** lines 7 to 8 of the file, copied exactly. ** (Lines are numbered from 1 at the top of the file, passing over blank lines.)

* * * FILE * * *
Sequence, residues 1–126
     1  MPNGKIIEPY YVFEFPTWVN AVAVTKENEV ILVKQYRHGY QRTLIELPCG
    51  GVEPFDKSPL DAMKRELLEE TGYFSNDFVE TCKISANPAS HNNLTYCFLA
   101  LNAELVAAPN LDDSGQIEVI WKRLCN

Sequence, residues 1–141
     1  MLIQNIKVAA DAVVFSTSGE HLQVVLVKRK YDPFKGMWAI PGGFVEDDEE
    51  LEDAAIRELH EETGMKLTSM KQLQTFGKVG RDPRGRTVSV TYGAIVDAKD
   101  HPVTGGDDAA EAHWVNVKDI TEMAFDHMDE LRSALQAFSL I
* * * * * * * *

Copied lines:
    51  LEDAAIRELH EETGMKLTSM KQLQTFGKVG RDPRGRTVSV TYGAIVDAKD
   101  HPVTGGDDAA EAHWVNVKDI TEMAFDHMDE LRSALQAFSL I